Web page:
I am pleased that you have chosen to take my course this term. I would like to communicate to you my expectations for our time spent together.
In articulating these expectations, it is not my intention to treat you like a child. I am trying to be upfront about how I hope you and I will proceed through this course of study and learn together. I’m attempting to make plain many things that are understood about university life and perhaps implied in the syllabus, but not always stated explicitly—things that I myself had to learn the hard way as a university student. If my statement comes off as condescending, please know that that is not my intention, and accept my preëmptive apology.
* I am aware of the trust that you are placing in me. You are asking me to guide you through a course of study that will improve your mind and your life; I have the ability to make your life miserable by giving out unfair grades or requiring unnecessary busywork. I don’t take this responsibility lightly; I endeavor earnestly to make the readings and assignments profitable and integrated with the classroom time–and to ensure (insofar as it depends on me) that these experiences achieve the stated goals of the course. I ask for your coöperation and trust, and I aspire to prove myself worthy of your trust.
* Having acknowledged this responsibility: I have been in your position, and I have worked hard to get into the position I am in now. I have earned advanced degrees in my field and have years of experience teaching, writing, doing church ministry, and working in the sort of professional (non-academic) setting in which most of you will someday work. I continue to study the art and science of teaching in order to continue to improve. The department and the administration have delegated this course (and the trust you have placed in this university) to me because they believe I’m worthy of that trust. That doesn’t mean I’m perfect or that I’m always right; but it means I deserve the benefit of the doubt from you until proven otherwise.
* You should expect to do about two hours of work outside class for every hour spent in the classroom. This is an average over the course of the semester. If you find yourself doing less work than that early on, you will probably be doing a lot more work later in the term. Start now on assignments and readings that you can do in advance. Even if you’re not required to do so, take notes as you read and sketch general outlines of the books and articles that are assigned.
* Studying is your primary calling right now. Grades are important. Extra-curricular activities are a great part of your university experience; I myself played intramural sports, participated in student government, was president of a student organization, played in rock bands (bassists were scarce), and worked a variety of on- and off-campus jobs. But none of these should be at the expense of your classroom studies. Plan in advance and know what you can handle. Remember that most courses have more work later in the term, so don’t make commitments based on the amount of free time you have at the beginning of the term.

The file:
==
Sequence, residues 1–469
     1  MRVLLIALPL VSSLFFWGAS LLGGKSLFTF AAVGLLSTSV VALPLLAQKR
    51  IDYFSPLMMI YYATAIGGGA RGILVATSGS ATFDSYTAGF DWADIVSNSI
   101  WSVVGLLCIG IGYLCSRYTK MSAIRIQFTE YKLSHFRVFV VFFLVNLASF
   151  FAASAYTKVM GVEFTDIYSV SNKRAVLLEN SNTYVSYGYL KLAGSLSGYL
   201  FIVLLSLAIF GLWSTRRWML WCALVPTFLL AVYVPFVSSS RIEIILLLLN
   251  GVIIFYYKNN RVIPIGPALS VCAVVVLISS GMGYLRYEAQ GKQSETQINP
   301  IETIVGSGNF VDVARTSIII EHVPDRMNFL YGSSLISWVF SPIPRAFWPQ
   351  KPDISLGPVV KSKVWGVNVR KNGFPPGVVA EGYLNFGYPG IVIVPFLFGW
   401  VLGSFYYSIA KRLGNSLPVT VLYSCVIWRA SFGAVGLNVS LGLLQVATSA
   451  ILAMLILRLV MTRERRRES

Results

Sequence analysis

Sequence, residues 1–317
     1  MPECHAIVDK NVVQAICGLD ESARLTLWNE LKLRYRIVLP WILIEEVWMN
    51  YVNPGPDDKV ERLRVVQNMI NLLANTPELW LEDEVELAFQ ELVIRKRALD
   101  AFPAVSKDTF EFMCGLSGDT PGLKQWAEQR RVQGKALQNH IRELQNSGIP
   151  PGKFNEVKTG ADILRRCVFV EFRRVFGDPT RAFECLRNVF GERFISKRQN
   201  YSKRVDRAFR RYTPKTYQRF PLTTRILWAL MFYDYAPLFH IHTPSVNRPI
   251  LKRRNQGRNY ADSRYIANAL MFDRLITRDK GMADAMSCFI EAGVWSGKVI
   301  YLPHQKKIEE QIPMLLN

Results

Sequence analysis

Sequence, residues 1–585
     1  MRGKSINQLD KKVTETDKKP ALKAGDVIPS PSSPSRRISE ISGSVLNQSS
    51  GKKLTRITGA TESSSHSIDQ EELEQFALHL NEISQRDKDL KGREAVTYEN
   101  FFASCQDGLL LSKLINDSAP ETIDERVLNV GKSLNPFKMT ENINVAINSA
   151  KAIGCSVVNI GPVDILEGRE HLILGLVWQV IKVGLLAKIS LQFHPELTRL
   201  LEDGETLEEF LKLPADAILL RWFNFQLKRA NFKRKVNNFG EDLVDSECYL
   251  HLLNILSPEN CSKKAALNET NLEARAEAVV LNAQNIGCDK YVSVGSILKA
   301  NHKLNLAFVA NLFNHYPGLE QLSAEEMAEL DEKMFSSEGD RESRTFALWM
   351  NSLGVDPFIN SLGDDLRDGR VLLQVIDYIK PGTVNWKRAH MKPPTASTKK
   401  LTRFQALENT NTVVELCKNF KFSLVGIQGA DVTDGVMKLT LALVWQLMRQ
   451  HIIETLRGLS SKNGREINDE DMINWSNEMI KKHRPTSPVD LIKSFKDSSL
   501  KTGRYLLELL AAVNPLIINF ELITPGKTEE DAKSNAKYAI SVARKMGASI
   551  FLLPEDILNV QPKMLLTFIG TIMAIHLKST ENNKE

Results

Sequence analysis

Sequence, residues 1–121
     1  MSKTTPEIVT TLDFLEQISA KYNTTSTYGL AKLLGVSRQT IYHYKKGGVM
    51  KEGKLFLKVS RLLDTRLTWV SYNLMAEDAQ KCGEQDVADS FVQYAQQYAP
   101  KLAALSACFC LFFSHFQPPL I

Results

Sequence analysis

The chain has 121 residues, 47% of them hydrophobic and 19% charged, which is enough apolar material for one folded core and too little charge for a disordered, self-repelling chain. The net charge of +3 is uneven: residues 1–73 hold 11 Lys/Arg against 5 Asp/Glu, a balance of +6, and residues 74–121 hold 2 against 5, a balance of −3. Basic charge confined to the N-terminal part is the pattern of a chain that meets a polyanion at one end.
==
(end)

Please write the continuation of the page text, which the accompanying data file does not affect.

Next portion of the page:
* Build into your schedule the leeway you need so that if something goes wrong and you can’t get that paper done, it won’t ruin your semester. Assume that you will get a cold or the flu at least once, and require two or three days of rest without being able to work on your assignments.
* Come to class. Don’t use your unexcused absences early in the semester; if you get sick or something comes up, you will incur a grade penalty. If the only time you miss class is when you are quite sick, it will be much easier for me to be lenient with you (within the policies established by the university).
* Distinguish between the tasks that are urgent and important, urgent and unimportant, non-urgent and important, and non-urgent and unimportant.
* Grades are not that important. If you have a minor misstep and fail a small assignment, it’s not the end of the world. If you are doing well in the class and can afford to take the grade penalty, go ahead and take that long weekend trip with your friends and miss my class. I’m not egotistical enough to think that you will remember forever my lecture on that specific day, but I know you will remember that trip for many years to come. Just make sure that you’ve built into your schedule and your workload the leeway you need to take trips like that. You are not entitled to fun trips or an education; they are privileges.